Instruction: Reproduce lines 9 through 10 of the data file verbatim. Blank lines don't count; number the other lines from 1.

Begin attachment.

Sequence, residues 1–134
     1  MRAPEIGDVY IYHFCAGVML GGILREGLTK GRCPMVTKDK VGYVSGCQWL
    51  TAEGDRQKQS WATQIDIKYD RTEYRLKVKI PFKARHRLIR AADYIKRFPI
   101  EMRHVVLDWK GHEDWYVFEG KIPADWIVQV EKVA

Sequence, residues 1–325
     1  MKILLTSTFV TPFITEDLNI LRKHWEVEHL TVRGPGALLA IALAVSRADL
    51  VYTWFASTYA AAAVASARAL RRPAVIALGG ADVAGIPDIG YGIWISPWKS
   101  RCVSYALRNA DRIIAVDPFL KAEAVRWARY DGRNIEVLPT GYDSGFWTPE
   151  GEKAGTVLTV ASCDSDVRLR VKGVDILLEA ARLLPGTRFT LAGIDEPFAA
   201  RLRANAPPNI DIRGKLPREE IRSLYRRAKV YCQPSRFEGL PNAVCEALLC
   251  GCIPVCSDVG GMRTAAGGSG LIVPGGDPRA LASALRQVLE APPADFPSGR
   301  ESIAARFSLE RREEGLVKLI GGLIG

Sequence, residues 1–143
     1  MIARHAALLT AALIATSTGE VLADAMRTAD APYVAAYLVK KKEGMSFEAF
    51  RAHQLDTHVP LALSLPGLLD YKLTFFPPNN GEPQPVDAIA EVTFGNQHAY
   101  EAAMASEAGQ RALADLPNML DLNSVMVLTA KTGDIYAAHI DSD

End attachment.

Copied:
   151  GEKAGTVLTV ASCDSDVRLR VKGVDILLEA ARLLPGTRFT LAGIDEPFAA
   201  RLRANAPPNI DIRGKLPREE IRSLYRRAKV YCQPSRFEGL PNAVCEALLC